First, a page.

By Mary O’KEEFE
Veterans came out en masse to support the Bob Hope Airport Veterans’ Day Runway Walk 2009 on Wednesday. The walk was led by war veterans from La Crescenta, Glendale, Burbank and Pasadena.
Veterans Mike Baldwin, Nat Prescott and Jack Maison representing the American Legion Post 288 and Veterans of Foreign Wars (VFW) 1614 grabbed plastic garbage bags and began the walk down Runway 08/26 to help clear it of “foreign object debris.”
The objects can pose a danger to planes during take off and landing. The event was designed to enhance awareness of airport safety and build a sense of airport community.
“We walk on Veterans’ Day to honor Bob Hope who donated so much of his time and talent to troops,” said Lucy Burghdorf, airport spokeswoman.
Baldwin, Prescott and Maison had all taken time away from the war memorial at Two Strike Park where a vigil was being held throughout the day. Prescott had already taken the first shift at 6 a.m. and returned to the park after the airport walk.
Maison was the veteran who found the neglected plaque for S. Sgt. David S. Demmon, a Missing in Action soldier at Verdugo Hills Hospital. He called Boy Scout Adam Fletcher who was looking for Eagle Scout project and the memorial was saved.
“It was beautiful. It was exactly what Adam said he wanted to happen. He wanted a project that would last in the community,” Maison said.
The day was going to be busy for La Crescenta veterans but the day of recognition is worth it.
“This is a day when veterans are thanked for everything they have done to secure the country,” Maison added.
The camaraderie could be felt as veterans walked the runway and asked each other where and when they served.
Robert Gilliland and Louis Zamperini, World War II veterans, joined the clean up. Now a Burbank resident, during WWII Gilliland served first as a sailor and graduated from the Naval Academy and then was a member of the first class to join the newly formed U.S. Air Force.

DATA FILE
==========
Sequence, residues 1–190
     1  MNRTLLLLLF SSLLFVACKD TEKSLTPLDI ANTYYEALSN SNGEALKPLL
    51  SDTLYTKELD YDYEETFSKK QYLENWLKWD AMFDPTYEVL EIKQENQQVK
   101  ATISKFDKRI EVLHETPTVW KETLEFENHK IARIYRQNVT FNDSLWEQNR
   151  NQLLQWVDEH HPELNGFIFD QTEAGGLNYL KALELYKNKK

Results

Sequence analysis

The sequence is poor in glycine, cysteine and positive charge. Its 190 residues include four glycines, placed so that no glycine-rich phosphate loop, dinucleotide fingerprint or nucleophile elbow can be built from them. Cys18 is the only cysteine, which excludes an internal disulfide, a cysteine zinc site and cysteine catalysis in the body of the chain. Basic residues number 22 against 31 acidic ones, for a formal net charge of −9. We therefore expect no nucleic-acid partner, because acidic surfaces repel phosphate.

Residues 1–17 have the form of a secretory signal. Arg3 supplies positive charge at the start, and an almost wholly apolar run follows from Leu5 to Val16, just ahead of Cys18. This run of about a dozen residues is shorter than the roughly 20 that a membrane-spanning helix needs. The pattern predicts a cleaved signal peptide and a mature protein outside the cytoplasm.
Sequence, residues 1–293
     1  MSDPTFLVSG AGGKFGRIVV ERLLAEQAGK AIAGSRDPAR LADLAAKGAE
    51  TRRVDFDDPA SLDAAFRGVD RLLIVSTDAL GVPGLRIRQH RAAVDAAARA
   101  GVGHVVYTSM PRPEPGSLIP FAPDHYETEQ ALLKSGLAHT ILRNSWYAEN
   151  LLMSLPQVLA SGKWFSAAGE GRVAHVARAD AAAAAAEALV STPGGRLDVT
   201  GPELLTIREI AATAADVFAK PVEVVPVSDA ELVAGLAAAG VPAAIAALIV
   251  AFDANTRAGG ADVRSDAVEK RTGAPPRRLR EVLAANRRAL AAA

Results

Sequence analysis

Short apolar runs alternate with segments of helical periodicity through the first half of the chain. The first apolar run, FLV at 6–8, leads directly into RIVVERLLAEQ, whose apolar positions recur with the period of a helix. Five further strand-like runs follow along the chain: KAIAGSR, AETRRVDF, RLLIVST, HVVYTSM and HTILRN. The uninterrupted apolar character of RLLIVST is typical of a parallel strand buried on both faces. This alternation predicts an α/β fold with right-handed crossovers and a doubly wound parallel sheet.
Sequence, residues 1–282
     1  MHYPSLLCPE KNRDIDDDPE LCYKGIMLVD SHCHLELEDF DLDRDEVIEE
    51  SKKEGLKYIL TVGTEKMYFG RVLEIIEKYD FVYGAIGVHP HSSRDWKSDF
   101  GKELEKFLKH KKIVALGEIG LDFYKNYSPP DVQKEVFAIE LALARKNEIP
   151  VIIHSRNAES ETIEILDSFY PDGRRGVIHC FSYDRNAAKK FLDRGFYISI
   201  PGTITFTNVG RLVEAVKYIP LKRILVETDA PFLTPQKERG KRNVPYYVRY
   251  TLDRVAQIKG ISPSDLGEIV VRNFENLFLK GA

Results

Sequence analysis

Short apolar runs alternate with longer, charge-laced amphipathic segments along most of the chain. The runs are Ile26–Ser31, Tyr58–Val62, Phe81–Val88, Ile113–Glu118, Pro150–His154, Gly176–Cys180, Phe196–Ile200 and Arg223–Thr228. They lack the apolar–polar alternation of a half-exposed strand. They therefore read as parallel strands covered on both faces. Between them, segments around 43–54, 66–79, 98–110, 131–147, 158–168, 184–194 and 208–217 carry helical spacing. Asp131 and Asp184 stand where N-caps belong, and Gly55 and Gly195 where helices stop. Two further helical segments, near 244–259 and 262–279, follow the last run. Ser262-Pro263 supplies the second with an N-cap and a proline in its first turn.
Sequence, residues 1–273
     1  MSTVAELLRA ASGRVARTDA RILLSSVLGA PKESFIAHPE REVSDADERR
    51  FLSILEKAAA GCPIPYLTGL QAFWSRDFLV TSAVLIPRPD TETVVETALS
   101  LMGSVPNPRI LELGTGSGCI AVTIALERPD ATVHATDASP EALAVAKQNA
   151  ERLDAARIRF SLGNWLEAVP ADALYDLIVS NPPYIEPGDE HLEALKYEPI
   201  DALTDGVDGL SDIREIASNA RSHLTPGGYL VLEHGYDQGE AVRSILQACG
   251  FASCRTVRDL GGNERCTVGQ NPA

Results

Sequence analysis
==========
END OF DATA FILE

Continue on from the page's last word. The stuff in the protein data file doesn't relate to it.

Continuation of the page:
“They asked for volunteers,” he said.
After he left the service he worked at Lockheed in Burbank as a civilian test pilot. He was the first man to fly the SR-71 Blackbird.
Zamperini is a bit of WW II history himself. He had won a scholarship to the University of Southern California and remains a life long Trojan supporter. At 18 years old he made the U.S. Olympic track team and competed in the 1936 Olympics in Germany. He joined the fight in WWII and had several successful missions. Then on May 27, 1943 he and his crew crashed in the Pacific. Three men out of an 11-man crew survived but there were injuries and only two, Zamperini and Russell Phillips, made it to land. The problem was the land they drifted to was controlled by the Japanese. He was captured and interrogated again and again.
“I found that one of my interrogators was a Trojan. He was a traitor, he was the worst one,” Zamperini said.
Stories of survival and friends found and lost were the topic as the veterans walked the runway. Those who had served in wars past joined those who just returned home.
Burbank resident Sgt. Paul McKenna returned from a tour in Iraq in August. He was joined by his wife Janet and son Leum. The airport’s Federal Security Director Brian Cahill had also just returned from a U.S. Navy deployment to Iraq.
The runway did not have much debris but that didn’t matter to the three La Crescenta veterans. They just got on the bus to return to their cars and travel back up to Two Strike where they relieved their fellow veterans who stood vigil. The day ended with a ceremony including flag retirement and then on to the Taste of the Foothills where part of the money raised goes toward the Two Strike War Memorial fund.